Friday, May 27, 2011

Reading in the Bathroom

My current reading list includes: "The World According to Garp" by John Irving, "Gravity's Rainbow" by Thomas Pynchon (a descendent of Nathaniel Hawthorne, btw), Jane Austen's "Pride and Prejudice," "Kite Runner" by Khaled Hosseini, and my list for future reading includes James Joyce's "Ulysses," and "A Confederacy of Dunces" by John Kennedy Toole. "Blue Highways" by William Least Heat Moon is on my ongoing list, too, although I haven't picked it up in quite a while. Timothy Schaffert's "The Phantom Limbs of the Rollow Sisters" is also on my bedstand as well as Roger Rosenblatt's "Unless it Moves the Human Heart: The Craft and Art of Writing."

Rosenblatt says of writing: "We write to make suffering endurable, evil intelligible, justice desirable, and love possible." Great literature attempts these noble purposes. Reading great literature allows one to participate in the humanity of it all. Think of "Don Quixote" or "The Grapes of Wrath" or "Frankenstein" and the humanity of it all. "Huckleberry Finn" or "Catch-22" or "Slaughterhouse-Five" or a James Thurber story and the humor of it all. The many ways these writers confront suffering and evil and explore justice and love is a testament to the possibilities of life.

I dabble in reading these various novels. Some are by my bed, another in the bathroom. Sometimes I carry one with me in my brief case. A favorite simile of mine is there is nothing as full as an adjunct English teacher's brief case. My brief case tends to function as my portable office/filing cabinet. So carrying that extra book around is only a sometimes thing as my brief case gains weight during a quarter or semester. Sometimes a book will be my easy chair in the living room, but the television is a distraction there, as well as my Barca Lounger's comfortable and nap-inducing leather texture. Reading in the bathroom tends to be a short lived exercise. And the bedtime reading often won't last very long if I am very tired. But I persist and have read Joseph Heller's "God Knows" several times during those short bathroom reading stints.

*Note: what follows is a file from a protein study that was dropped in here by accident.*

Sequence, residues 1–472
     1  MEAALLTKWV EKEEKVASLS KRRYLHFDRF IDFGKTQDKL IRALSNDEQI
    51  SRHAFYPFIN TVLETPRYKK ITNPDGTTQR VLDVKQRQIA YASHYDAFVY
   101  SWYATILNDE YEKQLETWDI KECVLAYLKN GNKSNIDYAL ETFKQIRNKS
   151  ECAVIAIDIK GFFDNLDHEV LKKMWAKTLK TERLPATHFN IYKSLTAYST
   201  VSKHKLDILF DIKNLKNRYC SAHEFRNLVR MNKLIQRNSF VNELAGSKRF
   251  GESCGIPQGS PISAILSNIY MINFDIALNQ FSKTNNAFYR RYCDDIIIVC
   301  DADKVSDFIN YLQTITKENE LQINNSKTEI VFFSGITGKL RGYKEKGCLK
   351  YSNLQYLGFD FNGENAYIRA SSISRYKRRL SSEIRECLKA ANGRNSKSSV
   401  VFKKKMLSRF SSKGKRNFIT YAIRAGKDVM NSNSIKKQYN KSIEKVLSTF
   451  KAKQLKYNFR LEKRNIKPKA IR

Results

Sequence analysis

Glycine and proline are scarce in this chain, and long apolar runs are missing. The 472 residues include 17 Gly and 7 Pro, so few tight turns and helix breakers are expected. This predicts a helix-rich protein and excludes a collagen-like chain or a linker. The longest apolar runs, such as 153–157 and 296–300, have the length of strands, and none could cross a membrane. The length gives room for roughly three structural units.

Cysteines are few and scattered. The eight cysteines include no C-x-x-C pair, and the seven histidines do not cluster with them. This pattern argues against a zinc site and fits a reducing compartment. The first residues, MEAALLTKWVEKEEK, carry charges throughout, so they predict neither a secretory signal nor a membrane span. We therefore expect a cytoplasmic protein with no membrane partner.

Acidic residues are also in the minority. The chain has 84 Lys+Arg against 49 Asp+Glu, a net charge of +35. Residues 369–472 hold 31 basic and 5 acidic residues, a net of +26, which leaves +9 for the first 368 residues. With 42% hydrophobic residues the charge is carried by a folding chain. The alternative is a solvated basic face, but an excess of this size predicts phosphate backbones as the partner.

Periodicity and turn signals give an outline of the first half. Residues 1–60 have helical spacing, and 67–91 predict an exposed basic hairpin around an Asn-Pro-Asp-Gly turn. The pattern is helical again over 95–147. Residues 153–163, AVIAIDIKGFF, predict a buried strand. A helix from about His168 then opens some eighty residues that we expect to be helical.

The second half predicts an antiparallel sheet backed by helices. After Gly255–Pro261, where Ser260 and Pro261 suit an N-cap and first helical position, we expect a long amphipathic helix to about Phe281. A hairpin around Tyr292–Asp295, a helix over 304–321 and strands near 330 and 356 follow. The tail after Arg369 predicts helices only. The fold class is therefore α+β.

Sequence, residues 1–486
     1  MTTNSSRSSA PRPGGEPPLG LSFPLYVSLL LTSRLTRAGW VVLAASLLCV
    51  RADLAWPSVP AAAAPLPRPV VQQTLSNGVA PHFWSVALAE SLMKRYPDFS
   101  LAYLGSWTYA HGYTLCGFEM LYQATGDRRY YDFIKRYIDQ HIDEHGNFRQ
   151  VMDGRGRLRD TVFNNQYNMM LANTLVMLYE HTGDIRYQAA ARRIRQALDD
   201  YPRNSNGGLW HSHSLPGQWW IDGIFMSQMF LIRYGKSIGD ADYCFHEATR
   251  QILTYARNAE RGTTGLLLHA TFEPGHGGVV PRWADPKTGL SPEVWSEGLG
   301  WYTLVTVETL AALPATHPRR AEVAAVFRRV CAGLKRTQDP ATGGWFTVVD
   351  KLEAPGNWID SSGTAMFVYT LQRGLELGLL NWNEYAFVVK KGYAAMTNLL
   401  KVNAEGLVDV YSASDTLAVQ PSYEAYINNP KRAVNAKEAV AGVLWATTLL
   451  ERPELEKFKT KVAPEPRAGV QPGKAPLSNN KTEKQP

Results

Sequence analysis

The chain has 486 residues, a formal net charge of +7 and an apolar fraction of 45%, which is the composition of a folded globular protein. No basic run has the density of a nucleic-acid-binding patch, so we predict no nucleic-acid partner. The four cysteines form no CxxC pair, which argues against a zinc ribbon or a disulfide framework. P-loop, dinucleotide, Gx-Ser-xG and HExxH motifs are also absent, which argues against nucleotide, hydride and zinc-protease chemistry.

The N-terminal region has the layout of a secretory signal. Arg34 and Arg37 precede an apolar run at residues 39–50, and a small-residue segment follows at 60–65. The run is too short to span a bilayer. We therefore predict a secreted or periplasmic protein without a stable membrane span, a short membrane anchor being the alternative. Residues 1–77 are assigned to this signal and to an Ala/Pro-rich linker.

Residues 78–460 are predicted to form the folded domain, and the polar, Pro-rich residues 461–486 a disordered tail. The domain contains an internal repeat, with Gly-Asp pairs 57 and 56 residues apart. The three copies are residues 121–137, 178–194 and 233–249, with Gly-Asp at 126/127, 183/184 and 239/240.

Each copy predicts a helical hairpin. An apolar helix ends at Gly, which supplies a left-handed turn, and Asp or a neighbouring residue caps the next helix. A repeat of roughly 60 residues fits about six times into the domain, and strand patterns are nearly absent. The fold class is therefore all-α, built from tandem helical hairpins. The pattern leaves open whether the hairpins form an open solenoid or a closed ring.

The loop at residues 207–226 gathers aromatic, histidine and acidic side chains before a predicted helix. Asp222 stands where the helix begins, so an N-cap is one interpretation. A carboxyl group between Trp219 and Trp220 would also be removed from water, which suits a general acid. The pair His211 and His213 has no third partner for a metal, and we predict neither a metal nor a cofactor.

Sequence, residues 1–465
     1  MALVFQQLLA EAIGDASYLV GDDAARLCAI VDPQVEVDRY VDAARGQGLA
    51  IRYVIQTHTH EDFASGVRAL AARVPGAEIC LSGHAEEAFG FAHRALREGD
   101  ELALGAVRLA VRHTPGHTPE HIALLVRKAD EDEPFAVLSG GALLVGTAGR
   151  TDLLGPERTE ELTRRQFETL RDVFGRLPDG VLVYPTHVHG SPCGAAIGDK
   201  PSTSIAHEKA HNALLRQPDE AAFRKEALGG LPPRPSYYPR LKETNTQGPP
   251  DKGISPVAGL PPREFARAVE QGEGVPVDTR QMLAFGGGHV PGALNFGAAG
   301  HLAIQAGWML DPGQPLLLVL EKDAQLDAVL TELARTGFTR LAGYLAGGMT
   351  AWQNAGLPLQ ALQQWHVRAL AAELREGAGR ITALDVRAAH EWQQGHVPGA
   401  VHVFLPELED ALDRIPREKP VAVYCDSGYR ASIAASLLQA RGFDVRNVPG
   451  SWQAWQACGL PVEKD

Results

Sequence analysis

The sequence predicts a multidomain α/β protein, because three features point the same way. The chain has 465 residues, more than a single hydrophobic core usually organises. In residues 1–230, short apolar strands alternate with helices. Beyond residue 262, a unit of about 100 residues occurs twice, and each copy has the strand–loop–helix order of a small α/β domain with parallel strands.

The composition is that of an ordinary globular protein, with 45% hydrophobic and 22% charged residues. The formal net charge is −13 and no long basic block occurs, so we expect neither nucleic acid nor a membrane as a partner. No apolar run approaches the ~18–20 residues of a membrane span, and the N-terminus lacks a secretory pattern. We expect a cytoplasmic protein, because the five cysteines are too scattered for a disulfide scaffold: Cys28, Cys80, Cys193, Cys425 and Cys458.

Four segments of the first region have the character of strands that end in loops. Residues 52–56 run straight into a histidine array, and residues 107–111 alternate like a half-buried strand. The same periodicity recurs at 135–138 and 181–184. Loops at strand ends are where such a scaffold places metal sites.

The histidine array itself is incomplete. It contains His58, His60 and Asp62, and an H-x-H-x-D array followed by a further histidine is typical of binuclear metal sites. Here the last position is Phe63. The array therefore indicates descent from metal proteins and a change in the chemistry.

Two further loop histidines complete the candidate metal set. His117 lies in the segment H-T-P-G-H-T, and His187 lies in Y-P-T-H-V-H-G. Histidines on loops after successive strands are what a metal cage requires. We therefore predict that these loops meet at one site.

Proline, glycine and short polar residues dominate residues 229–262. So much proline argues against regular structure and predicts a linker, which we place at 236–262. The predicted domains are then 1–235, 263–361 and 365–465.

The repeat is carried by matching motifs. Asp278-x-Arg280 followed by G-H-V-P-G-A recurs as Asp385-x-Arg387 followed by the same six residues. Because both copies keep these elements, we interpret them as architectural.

I like the eclectic quality of my current reading list. I like the smell of books. I like that they have heft and weight and are among the "things" of life. I go back and forth between the idea that we own things, and they own us. And I don't mind that my books "own" me.

There are as many combinations of books on a bookshelf, as there are permutation applications in algorythmic turbo coding combinatronic Eularian numbers, and as there freckles on faces.

So this recent painting is a snapshot of books I love and admire. Enjoy. A friend of mine suggested I could offer customized commissioned paintings of your favorite books as well. So there you go.

Bud C


Blogger Issyco said...

I love to know what others are reading, esp, English profs! Thanks for sharing! And the personalized book paintings are brilliant! Put it on Craig's List and there you go!!! Issy

10:58 AM  

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